In a world that estimates that by 2020 more than 40% of the US-workforce alone will be independent workers, standing out from the crowd has never been more important.
For many consultants who have spent time working in larger consulting organisations, being able to function as part of a globally-accepted, reputable umbrella-brand has opened doors for them long before they’ve stepped foot in their client’s office. But for those consultants who have chosen a more independent path, their challenge is a different one. How do I build myself as my own reputable brand that will open the doors I need and award me with opportunity directly relatable to my own expertise and skill?
You don’t need to be a marketer to build your own brand. In fact, many of the consultants I’ve spoken to would probably shiver at the thought of dipping their toes into the marketing water. But one thing is clear, their recognition of the need to develop a personal brand that will set them up for success. And before we send you running for the hills – it’s important for you to recognise that building a brand takes simple common sense, a can-do attitude, and open eyes that recognise opportunity. There is no fool-proof recipe that will guarantee success, but there are several ways that you, as a now independently working individual, can build your reputation towards a successful career, with revenue-rewarding opportunities.
We’ve put together 6 of them for you.
1. Authenticity! Authenticity! Authenticity!
I read a great quote somewhere. It said, “Be yourself, because everyone else is taken.” You chose the independent consulting route because you have something unique to offer that your clients need. So, what’s the point of pretending to be someone else, or something you’re not? Your brand should reflect who you are. Indirectly, the way your brand is perceived is a message to future clients that reflects what it would be like to work with you. Don’t risk creating a vision that they buy into, only for them to be disappointed when the project commences because of the disparity with your constructed personal brand. This means that building a true brand is fundamentally based on an understanding of your true self: What you represent, how you work, what is important to you, what your definition of success is.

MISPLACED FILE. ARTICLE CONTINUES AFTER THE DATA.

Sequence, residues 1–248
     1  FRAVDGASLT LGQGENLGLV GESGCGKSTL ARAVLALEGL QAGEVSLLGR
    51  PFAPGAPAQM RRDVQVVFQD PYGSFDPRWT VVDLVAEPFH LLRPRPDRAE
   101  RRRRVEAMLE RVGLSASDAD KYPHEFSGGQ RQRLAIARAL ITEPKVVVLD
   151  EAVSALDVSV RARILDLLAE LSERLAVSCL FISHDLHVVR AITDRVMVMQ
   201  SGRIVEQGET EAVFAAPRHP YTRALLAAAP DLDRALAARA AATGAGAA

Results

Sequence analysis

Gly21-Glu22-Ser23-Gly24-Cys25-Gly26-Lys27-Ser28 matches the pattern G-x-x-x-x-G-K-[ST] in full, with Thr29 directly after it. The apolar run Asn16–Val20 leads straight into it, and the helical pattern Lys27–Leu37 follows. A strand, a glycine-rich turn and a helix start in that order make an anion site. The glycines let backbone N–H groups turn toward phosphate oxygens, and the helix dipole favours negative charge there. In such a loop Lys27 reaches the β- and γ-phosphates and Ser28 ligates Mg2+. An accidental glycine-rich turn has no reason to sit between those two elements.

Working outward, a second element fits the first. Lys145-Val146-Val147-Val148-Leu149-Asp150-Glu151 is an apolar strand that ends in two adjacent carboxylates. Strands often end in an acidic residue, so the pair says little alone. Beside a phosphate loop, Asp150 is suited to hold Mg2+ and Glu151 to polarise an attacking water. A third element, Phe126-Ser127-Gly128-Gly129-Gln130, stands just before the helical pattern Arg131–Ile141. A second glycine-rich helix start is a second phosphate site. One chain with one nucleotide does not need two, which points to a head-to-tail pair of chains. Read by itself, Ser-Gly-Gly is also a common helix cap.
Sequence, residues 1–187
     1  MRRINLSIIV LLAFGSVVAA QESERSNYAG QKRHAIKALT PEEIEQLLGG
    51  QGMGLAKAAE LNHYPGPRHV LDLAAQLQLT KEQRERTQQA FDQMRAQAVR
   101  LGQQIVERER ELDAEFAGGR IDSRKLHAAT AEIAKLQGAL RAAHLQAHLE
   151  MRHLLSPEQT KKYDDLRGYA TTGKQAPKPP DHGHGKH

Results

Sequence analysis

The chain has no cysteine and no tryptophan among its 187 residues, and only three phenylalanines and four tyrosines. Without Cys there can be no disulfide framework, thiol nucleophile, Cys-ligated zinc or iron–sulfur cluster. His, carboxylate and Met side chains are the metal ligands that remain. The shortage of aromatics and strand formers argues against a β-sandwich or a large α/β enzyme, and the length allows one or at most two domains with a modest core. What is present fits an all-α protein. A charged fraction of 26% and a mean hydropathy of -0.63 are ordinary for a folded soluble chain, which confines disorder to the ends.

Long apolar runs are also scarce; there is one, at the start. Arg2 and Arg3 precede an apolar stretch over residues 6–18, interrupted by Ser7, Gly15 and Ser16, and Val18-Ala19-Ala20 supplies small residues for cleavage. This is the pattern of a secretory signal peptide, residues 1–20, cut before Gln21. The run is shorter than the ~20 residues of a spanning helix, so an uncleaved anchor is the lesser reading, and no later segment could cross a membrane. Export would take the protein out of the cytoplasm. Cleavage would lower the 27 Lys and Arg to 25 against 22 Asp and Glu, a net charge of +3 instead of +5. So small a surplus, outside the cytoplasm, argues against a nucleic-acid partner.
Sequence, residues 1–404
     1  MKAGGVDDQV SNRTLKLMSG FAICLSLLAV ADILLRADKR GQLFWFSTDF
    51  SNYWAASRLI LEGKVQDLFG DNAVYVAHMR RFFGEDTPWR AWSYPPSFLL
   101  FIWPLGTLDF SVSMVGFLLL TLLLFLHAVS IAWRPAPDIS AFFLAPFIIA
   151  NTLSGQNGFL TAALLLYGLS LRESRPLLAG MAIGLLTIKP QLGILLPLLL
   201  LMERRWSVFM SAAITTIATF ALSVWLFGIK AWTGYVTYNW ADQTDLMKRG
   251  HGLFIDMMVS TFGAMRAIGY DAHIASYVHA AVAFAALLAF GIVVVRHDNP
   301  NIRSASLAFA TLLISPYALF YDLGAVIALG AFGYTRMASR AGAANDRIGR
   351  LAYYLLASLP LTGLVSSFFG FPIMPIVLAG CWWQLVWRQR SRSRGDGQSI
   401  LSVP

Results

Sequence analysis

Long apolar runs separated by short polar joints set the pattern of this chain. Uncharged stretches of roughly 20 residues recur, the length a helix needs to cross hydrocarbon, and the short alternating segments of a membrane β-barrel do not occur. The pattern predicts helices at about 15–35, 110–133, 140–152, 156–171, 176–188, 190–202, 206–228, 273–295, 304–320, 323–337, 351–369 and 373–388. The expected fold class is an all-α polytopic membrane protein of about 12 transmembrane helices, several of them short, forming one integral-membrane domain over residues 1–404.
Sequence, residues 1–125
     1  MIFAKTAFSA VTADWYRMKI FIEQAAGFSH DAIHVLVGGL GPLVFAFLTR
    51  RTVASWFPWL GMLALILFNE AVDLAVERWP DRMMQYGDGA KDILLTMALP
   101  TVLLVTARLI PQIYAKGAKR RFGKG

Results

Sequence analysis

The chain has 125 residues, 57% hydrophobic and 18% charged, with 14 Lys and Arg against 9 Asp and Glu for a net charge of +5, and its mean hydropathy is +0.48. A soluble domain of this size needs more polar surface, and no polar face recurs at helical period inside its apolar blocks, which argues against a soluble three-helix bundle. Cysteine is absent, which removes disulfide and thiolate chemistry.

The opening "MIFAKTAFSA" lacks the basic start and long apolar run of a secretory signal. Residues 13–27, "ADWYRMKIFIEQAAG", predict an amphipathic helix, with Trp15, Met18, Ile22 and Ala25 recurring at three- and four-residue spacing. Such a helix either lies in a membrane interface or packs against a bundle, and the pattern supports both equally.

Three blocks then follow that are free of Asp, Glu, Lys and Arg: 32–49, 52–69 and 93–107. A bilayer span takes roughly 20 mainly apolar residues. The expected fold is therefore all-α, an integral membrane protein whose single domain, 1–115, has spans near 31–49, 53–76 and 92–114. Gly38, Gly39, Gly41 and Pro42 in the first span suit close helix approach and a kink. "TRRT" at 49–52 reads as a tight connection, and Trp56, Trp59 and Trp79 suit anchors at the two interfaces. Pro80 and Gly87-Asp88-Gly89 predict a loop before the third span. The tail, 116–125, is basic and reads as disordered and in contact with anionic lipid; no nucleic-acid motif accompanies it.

Never be afraid to be vulnerable. It may take a while for you to clearly identify what your personal brand looks like, but the more fake you take away, the truer the reflection of what the client will get, and the greater the chance for success.
2. Understand where your audience is
There’s no point in developing a brand for the wrong audience. Sounds simple, right? It’s not. Before you spend copious amounts of time building social profiles, designing websites, learning the latest jargon because “industry tells you so” – take some time to identify exactly who it is that you want to engage with. Understand where they are, what technology they use, what’s important to them – and then make sure that you are there. Create personas if you must. Understand what drives them. You may be looking to introduce your personal brand and service to an audience who is not on Facebook, who doesn’t understand what a ReTweet is, and who couldn’t care less about your latest Pulse article, but who do believe in the power of the Breakfast Networking session and a round on the golf course.
On the flip side, your target audience may only be interested in the immediate, the tech and the social networking bounty, and if you have any hope of building any sort of rapport, for you to not be adept in the same communication mind-set would be the first huge omission to building and establishing your personal brand. Remember, your audience goes beyond just employer and customer. Your audience stretches to peers, influencers, mentors – anyone that may just be that stepping stone you need towards your next opportunity.
3. Jack of all trades, master of One